Prior to the start of the assay, 2 uL of a mixture containing 0.036 uM gp120 (non-biotinylated) and 0.044 uM SA-XL665 in Assay Buffer (50 mM Sodium Phosphate, 0.4 M Potassium Fluoride, 0.1% BSA, 0.1% Tween-20, pH 7.00), filtered at 0.22 um was dispensed into columns 1 to 3 of 1536-well assay plates. A mixture of 0.036 uM gp120 (biotynilated) and 0.044 uM SA-XL665 in Assay Buffer, filtered at 0.22 um, was dispensed into wells 4-48.
Next, 27 nl of compounds or DMSO alone (0.5% final concentration) were distributed into appropiate wells. The plates were incubated for 20 minutes at 25 C. The assay started by the addition of 2 ul of a mixture containing 0.0024 uM PG9 (Europium-conjugated) in Assay Buffer(filtered at 0.22 um), to all wells and plates were centrifuged. The plates were incubated for 1 hr at 25 C, after which TR-FRET was measured by the EnVision microplate reader (PerkinElmer). Measurements were performed by exciting the plates at 320 nM, and monitoring well fluorescence at 615 nm (Eu) and 665 nm (XL665) with the EnVision microplate reader .
To normalize data, values measured from both fluorescence emission wavelengths were used to calculate a ratio for each well, according to the following mathematical expression:
Ratio = ( I665nm / I615nm )
I represents the measured fluorescence emission intensity at the enumerated wavelength in nm.
The percent inhibition was calculated from the median ratio as follows:
%_Inhibition = 100 * ( ( Ratio_Test_Compound - Median_Ratio_Low_Control ) / ( Median_Ratio_High_Control - Median_Ratio_Low_Control ) ) )
Test_Compound is defined as wells containing test compound.
High_Control is defined as wells containing gp120 non-biotinylated and DMSO.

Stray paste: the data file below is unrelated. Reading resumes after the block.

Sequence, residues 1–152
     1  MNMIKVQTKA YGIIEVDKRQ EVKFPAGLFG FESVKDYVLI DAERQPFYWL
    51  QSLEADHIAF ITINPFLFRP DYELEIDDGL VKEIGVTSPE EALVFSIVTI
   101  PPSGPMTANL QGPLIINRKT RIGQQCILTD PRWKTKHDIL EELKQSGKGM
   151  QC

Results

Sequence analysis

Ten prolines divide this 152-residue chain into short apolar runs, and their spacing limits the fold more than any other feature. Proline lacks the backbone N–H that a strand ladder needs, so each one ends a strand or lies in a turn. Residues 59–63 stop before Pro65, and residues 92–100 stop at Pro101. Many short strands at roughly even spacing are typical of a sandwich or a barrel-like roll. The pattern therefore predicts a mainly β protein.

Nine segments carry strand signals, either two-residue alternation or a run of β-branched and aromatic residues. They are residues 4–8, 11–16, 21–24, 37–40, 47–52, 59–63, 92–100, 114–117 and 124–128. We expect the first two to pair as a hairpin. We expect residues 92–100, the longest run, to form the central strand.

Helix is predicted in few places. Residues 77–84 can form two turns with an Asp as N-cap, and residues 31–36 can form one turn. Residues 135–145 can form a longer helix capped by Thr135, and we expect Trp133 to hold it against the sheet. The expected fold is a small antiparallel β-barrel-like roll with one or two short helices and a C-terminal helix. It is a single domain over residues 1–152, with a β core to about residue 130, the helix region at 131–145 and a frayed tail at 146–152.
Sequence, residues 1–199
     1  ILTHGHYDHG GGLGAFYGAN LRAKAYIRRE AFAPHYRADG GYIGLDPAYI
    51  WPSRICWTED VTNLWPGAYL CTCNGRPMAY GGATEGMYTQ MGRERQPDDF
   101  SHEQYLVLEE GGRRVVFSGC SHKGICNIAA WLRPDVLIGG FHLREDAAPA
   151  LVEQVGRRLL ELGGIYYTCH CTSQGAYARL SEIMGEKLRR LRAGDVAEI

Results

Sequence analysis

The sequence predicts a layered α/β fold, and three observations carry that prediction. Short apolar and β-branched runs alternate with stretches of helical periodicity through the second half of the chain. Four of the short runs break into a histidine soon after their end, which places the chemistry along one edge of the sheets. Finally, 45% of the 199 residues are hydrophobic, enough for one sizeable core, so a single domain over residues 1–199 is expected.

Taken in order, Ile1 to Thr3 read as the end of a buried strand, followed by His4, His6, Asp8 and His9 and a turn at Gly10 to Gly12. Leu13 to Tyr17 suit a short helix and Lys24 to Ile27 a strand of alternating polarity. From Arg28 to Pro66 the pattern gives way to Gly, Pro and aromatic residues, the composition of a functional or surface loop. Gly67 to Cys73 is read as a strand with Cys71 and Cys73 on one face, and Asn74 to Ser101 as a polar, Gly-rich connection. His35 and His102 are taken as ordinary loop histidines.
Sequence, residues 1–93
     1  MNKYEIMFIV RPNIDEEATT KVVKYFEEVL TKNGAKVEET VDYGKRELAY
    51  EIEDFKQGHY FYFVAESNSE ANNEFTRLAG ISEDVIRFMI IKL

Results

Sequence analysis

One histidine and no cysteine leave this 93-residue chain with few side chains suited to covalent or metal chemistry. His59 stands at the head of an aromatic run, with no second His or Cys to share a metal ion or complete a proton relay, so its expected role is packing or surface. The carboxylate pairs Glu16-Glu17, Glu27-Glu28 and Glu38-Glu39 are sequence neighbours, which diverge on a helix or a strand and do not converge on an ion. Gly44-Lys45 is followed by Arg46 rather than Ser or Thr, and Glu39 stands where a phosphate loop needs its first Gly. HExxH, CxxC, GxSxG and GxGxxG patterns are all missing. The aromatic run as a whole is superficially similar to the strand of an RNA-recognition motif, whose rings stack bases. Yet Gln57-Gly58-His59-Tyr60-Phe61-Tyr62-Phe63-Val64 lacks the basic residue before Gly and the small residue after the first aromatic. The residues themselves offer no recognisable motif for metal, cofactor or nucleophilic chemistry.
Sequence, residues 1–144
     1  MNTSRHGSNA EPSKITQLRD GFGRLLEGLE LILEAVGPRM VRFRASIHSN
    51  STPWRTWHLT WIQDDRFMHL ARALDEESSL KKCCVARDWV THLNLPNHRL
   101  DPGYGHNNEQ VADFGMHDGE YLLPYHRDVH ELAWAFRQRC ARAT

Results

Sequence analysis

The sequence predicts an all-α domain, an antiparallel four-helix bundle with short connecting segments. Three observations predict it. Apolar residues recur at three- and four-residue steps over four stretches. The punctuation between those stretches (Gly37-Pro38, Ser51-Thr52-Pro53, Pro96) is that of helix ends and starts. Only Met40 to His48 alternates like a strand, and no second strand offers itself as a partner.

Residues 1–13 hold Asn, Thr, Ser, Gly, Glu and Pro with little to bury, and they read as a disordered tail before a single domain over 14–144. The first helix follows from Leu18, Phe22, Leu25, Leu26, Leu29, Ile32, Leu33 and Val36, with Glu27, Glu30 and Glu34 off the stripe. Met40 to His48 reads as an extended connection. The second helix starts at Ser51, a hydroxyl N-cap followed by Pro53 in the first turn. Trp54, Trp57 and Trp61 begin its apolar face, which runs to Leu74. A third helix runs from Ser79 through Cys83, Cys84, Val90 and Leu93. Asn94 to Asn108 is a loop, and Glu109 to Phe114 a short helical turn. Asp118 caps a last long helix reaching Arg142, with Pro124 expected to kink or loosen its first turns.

Low_Control is defined as wells containing gp120-biotynilated and DMSO.
For each test compound, percent inhibition was plotted against compound concentration. A four parameter equation describing a sigmoidal dose-response curve was then fitted with adjustable baseline using Assay Explorer software (Accelrys Inc). The reported IC50 values were generated from fitted curves by solving for the X-intercept value at the 50% activation level of the Y-intercept value. In cases where the highest concentration tested (i.e. 67 uM) did not result in greater than 50% activation, the IC50 was determined manually as greater than 67 uM.
PubChem Activity Outcome and Score:
Compounds with an IC50 greater than 10 uM were considered inactive. Compounds with an IC50 equal to or less than 10 uM were considered active.
Any compound with a percent activity value < 50% at all test concentrations was assigned an activity score of zero. Any compound with a percent activity value >= 50% at any test concentration was assigned an activity score greater than zero.
Activity score was then ranked by the potency of the compounds with fitted curves, with the most potent compounds assigned the highest activity scores.
The PubChem Activity Score range for active compounds is 100-89, and for inactive compounds 78-0.
List of Reagents:
PG9 Eu-conjugated antibody (supplied by Assay Provider)
BG505 gp120 antigen (supplied by Assay Provider)
Streptavidin-XL665 (Cisbio, part 610SAXLB)
Potassium Fluoride (Sigma, part 402931)
Bovine Serum Albumin (Sigma, part A7906)
Tween 20 (Fisher, part BP337)
Dithiothreitol (Acros, part1 6568-0250)
Sodium phosphate monobasic (Fisher, part BP329-500)
Sodium phosphate dibasic (Fisher, part BP332-500)
Due to the increasing size of the MLPCN compound library, this assay may have been run as two or more separate campaigns, each campaign testing a unique set of compounds. All data reported were normalized on a per-plate basis. Possible artifacts of this assay can include, but are not limited to: dust or lint located in or on wells of the microtiter plate, and compounds that modulate well fluorescence. All test compound concentrations reported above and below are nominal; the specific test concentration(s) for a particular compound may vary based upon the actual sample provided by the MLSMR. The MLSMR was not able to provide all compounds selected for testing in this assay.
Assay: Dictionary: Version: 0.1
Assay: CurveFit : Equation: =( ( [Maximal Response] * [Concentration]^[Hill Slope] ) / ( [Inflection Point Concentration]^[Hill Slope] + [Concentration]^[Hill Slope] ) ) + [Baseline Response]
Assay: CurveFit : Mask: Excluded Points
* Activity Concentration. ** Test Concentration.
Data Table (Concise)